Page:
It's a simple process and works as advertised. You just do a long press on an item until you see a smaller version of it and then drag it down to the Spot; you do the same with contacts. We don't know if it's the most efficient way to do things, but it's certainly different and innovative, setting it apart from many of today's feature phones and smartphones.
In general, the UI on the Kin One and Two can be completely overwhelming at first, much like Motoblur. There's a lot of information to digest, but there are ways you can pare down the feed. For example, you can filter the Loop screen so that only one of your social-networking sites populates the screen. Then again, perhaps for the targeted audience members, this is what they want: to be connected all the time and to have access to all their social networks with just a press of a button. Even so, there's a bit of a learning curve and accessing submenus within apps can be confusing.
There's more to the Kin One and Two than just social networking, however. Of course, with devices like these, phone calls may not be the first choice of communication. If you actually feel like making a call, you can! Voice features include a speakerphone, conference calling, a proximity sensor, text and multimedia messaging, 3G support, and stereo Bluetooth. Wi-Fi is also onboard as well as a full HTML Web browser (more on the browser in the Performance section) and Bing Web and local search.
The handsets' address book is limited only by the available memory; each contact card offers room for multiple numbers, e-mail addresses, custom ringtones, and photos, birthdays, and more. If an individual has a Facebook or MySpace page (and as long as you've synced those accounts to the phone), you can open up an individual entry and then swipe to the right to view any contact info that's been pulled from those sites. It's also possible to link and unlink duplicate contact cards.
E-mail support on the Kin One and Two includes POP3/IMAP accounts as well as Exchange with push delivery, though we certainly wouldn't recommend this as a business device. The Kin doesn't offer a unified in-box, but rather something reminiscent of the Windows Phone 7 hubs that you can swipe to the right and left to view your various in-boxes.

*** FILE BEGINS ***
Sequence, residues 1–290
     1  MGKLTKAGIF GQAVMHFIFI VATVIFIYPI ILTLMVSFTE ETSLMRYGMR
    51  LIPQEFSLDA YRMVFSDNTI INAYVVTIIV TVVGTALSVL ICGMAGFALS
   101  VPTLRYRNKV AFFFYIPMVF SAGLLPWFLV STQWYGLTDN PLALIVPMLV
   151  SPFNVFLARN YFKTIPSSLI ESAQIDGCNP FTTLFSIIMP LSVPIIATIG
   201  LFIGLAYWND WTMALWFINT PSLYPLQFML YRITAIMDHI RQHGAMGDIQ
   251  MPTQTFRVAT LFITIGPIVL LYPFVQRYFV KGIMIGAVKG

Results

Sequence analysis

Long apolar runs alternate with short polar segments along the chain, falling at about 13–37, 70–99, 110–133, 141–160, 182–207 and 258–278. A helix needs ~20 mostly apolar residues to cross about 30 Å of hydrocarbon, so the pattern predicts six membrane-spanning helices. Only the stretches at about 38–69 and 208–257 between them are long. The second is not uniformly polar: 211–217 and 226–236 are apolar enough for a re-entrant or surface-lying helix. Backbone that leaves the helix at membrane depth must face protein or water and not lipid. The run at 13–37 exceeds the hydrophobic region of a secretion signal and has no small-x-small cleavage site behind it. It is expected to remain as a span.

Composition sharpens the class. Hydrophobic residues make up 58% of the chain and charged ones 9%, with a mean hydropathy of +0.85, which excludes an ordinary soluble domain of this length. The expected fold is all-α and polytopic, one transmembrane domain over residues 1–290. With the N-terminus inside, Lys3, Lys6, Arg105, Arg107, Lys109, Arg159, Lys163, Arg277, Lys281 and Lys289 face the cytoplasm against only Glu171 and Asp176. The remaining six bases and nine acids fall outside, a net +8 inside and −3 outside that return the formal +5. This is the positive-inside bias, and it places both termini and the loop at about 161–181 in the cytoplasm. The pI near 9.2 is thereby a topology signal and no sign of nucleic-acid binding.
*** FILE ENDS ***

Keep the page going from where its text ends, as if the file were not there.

E-mail is well-represented, but we're baffled by the lack of any IM clients as well as any kind of calendar app. There are other omissions as well, such as gaming capabilities and an app store, but we're less concerned with these features since we think there are enough distractions on the phones to keep you occupied, but the first two just seem like no-brainers. When asked about this, Microsoft said it really wanted to nail down the social aspects first, so some features had to be sidelined. However, both the Kin One and Two are built to support over-the-air updates, and the company didn't rule out adding these capabilities in the future.
Among the several unique features that the Kin Two has to offer is a media player that is anything but standard. Along with the Kin One, it's the first Windows phone to come with a fully integrated Zune HD interface, which we daresay is a considerable step up from the Windows Media Player app found on previous products.
Those who are familiar with the Zune HD will be extremely comfortable browsing media on the Kin Two. As on the standalone player, navigation is handled entirely via the touch screen and the tactile back button, and it's a very smooth process. Media is also organized in the Zune HD manner, with the main screen dedicated to five categories: music, videos, radio, Zune Pass, and settings. (Unsurprisingly, photos are separated out because of their relation to the phone's camera feature.) The top screen also features a graphically intense margin of "pins," playback history, and recently added content. This video illustrates this area better than we could ever describe it in words.